Whoever you are, and wherever you live, disconnection from others can affect your wellbeing. Kuki Rokhum has the perspective of one who regularly travels to some of the world’s poorest and wealthiest places, encouraging Christians to respond to injustice locally and internationally. She sees caring for one another as true neighbours as key to overcoming the poverty experienced by both the poor and the rich. Here, she shares some of her thoughts on poverty as broken relationships.
There is a relational poverty that people in the West experience, I think because they so violently want to protect their space. In grieving, Western people seem to want space. In India, after a death, the whole community grieves with you and people talk about the person who has died. This is natural therapy. It is helpful, and it is biblical. Jesus said: “rejoice with those who rejoice and weep with those who weep”. This is connecting, when you share what others are experiencing.
Relational poverty is cocooning ourselves from others.
When Jesus gave us the new commandment to love God and love our neighbour, he didn’t say “love others”, he specified “neighbour”. I think it’s because it makes it relational. We know our neighbours and have relationship with them. In rural places in India, neighbours are close. Any birth or death, or a water problem, your neighbourhood becomes your family. Jesus wants us to be in this type of relationship with everyone, even those we don’t know and those we otherwise don’t relate to. If we make the nameless entities who we only occasionally see into our neighbours, we love them.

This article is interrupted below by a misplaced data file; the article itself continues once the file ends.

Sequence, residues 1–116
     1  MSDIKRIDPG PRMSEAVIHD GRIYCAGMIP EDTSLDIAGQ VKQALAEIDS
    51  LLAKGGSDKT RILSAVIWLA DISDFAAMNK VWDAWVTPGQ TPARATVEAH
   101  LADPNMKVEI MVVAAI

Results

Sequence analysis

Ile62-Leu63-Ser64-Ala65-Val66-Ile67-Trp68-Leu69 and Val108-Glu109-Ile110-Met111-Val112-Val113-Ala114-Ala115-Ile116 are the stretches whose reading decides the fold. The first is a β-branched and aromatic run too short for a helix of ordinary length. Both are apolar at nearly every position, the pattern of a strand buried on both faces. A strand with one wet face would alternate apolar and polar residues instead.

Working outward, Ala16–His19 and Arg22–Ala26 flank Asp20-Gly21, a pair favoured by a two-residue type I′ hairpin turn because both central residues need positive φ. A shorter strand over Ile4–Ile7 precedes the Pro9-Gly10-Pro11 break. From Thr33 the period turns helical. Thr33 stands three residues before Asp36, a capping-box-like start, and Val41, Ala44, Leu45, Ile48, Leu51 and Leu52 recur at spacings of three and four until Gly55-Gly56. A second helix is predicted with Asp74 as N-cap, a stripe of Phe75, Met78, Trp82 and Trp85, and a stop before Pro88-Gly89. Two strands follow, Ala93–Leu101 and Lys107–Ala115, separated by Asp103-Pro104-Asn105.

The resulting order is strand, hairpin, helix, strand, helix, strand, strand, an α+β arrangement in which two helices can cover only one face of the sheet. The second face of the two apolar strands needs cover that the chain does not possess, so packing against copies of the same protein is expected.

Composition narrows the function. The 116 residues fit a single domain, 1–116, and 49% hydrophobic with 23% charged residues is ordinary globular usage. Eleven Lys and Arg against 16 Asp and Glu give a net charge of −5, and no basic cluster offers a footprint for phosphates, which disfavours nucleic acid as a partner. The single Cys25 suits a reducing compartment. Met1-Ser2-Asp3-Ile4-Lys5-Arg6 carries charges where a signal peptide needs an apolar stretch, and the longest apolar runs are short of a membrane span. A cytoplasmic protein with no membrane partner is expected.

To love your neighbour is to build relationship with people.
When Jesus showed us how to do communion, it was part of a meal they had together. The disciples sat together. Sharing a meal builds good relationships. In the Anglican communion service, there is a time for confession and a moment of peace with one another before the wine and bread. This is fellowship, and good relationships must be formed in order to eat together. When Jesus says: “do this in remembrance of me”, he is reminding us of the relationships we need in order to share. This is bringing the kingdom plan of reconciliation.
Communion is a meal of reconciliation with God that flows onto reconciliation with one another.
We fear, because we do not know — because we do not have relationships. I’ll tell you a story. I grew up in Delhi, and growing up I was scared of the Hijras (a community of transgender people who are traditionally ostracised from mainstream society). We would try to get away from them. Some time ago, a visitor from the UK encouraged me to visit them. We went together, to their neighbourhood and met the Hijra in their homes. They welcomed us. It was a short afternoon, but we connected and chatted and they showed me around. They became human to me, and the wall of fear was broken down. Next time they visited my neighbourhood, I spoke to them. It had broken down the veil of fear which had built untrue assumptions.